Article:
Avoidable Contact #134: How Bonzo’s sidekick killed the mass-produced mid-engined car

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I was doing 90 miles per hour, and I was moving out of the left lane, but not fast enough. The car behind me took a little swerve onto the shoulder in order to hasten the passing maneuver, followed by a little swing towards my side mirror on the way by. Total Spec Miata move: dip a wheel off for the pass then give a little shove afterwards to make it stick. But while I am certainly the very model of a modern majorly generic racer, the driver overtaking me appeared to be a woman of more-than-Spec-Miata-compatible-size in her mid-50s, holding her iPhone in her left hand and using her right to flail at the steering wheel with a ferocity that would have pleased Ahab. The stickers on the back of her RAV4, which set my Lincoln lightly swaying in its 917K-on-the-Mulsanne-esque wake, proclaimed that she was a “dog mom” and that she was ready and willing to enlist new people in her multi-level candle marketing organization.

There was no way she wasn’t doing at least 100 mph. Naturally, in this moment I thought of Stanley, Viscount Buckmaster, who in 1932 told Parliament, “It really is of no use blaming the drivers too heavily for [speeding], because if you have got a well constructed car, with pneumatic tyres, driving over a smooth road, to tell from your own experience what pace it is that it is going is an absolute physical impossibility.” The situation to which he was referring went something like this: The speed limit for motor coaches in the UK was 30 mph, but many of those coaches had the capability to travel at 40–45 mph. What they did not have was a speedometer. Lord Buckmaster’s thoughts on this, together with the responses, constitute an outstanding example of how the Western world was governed in its most civilized era. The clarity with which he and his opponents marshal, organize, and deploy their thoughts appears to be utterly beyond today’s degraded and autocratic lawmakers.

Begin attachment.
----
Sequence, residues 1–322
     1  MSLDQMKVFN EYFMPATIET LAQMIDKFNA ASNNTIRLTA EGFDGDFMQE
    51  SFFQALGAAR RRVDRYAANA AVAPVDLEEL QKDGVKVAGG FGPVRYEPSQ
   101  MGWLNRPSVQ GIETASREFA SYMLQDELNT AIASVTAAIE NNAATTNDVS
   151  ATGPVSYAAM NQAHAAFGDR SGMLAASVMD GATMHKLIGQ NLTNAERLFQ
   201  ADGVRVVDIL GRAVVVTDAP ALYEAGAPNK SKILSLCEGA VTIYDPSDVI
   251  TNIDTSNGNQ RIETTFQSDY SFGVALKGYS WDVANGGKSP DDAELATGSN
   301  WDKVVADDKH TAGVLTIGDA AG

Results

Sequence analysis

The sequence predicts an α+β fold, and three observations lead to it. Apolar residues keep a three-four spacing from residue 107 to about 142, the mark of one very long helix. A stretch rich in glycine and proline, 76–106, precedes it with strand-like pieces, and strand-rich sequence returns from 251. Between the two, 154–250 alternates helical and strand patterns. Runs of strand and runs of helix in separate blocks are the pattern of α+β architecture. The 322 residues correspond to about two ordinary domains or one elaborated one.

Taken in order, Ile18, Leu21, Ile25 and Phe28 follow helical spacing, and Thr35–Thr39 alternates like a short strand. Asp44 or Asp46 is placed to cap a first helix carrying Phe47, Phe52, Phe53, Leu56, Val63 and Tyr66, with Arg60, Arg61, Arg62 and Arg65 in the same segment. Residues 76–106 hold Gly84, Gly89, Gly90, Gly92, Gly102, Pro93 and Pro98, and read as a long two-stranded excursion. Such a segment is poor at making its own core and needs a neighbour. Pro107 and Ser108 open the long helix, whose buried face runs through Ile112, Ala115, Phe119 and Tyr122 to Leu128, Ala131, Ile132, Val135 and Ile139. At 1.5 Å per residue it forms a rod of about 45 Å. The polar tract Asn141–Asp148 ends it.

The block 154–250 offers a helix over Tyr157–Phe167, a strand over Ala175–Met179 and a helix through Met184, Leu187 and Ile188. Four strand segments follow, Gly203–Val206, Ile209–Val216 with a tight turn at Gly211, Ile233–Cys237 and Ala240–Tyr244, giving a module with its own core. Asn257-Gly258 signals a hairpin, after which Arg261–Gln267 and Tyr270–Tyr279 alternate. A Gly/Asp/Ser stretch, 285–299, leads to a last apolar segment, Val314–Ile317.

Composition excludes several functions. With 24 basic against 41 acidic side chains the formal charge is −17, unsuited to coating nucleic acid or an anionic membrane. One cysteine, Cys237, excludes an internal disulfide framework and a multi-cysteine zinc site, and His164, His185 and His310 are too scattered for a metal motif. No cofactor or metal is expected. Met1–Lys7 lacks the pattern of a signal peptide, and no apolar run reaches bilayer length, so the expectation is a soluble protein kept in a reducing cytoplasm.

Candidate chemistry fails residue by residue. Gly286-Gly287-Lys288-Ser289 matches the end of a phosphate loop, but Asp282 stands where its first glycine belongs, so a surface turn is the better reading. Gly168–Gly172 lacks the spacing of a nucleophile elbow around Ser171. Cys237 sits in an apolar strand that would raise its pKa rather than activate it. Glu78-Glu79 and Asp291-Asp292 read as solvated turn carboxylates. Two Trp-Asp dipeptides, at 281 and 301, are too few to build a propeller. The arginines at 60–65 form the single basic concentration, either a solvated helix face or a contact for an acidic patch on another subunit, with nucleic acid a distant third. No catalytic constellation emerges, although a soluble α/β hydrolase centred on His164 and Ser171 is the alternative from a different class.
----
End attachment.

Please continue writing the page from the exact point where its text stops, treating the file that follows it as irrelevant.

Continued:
That aside, the consequence of this and many other discussions in Parliament on the same topic was that England assigned a 30-mph limit in “built-up areas,” but removed all speed limits from the nation’s dedicated motorways. This persisted until 1965, when a national speed limit of 70 mph was introduced. Prior to that, you could go just as fast as you liked on limited-access roads. To a certain extent, the same was true in the United States during the post-war era, though there was far more permitted variation in speed limits across states and municipalities.

So. You can go as fast as you want. How fast do you go?

With the exception of the occasional fellow stretching his E-Type or Corvette out to somewhere north of 130 mph, the common answer appears to have been: not very. On the other side of the pond, the typical family car couldn’t accelerate with any sort of verve; over here, it couldn’t stop very well. And in no cases were the tires up to much in the way of high speed. No doubt many of our readers have first-hand recollection of highway speeds in, say, 1950, but your humble author is only able to collate and average what I’ve been told, so I’d say that most people rarely went any faster than 60 mph for any reason. The 1960 Ford Prefect, a car so popular in the UK that Douglas Adams made it a joke in his Hitchhiker’s Guide To The Galaxy, had a top speed of 73 mph on level ground. Getting to that velocity would take the best part of a minute.

Things were better here, but not much. The low-priced family cars from the Big Three were happiest below 70 mph. You’d need something really spiffy like a Turbo Corvair or Thunderbird to get too far past the 100 mark, and God help you if you needed to stop from that speed in any distance shorter than Idlewild’s Runway “D.”

This lack of over-the-road pace helps explain how Volkswagen made it big in the United States; having an effective cruising speed of 60–65 mph wasn’t that much of a problem if nobody around you was going any faster. Richard Nixon’s “temporary” mandate of the 55 mph double-nickel national maximum highway speed limit was just the icing on the cake. At that point, the automakers were free to build and sell dog-slow cars to their heart’s content. And thus it was until 1987, when the states were allowed to raise the limit on “rural” highways to 65 mph. In the decade that followed, federal regulations were further relaxed to the point that the states are essentially free to do what they like. Montana had a “reasonable and prudent” limit for a while that let people regularly do 100-plus mph during daylight hours, and Texas allows people to run 85 mph on certain roads today.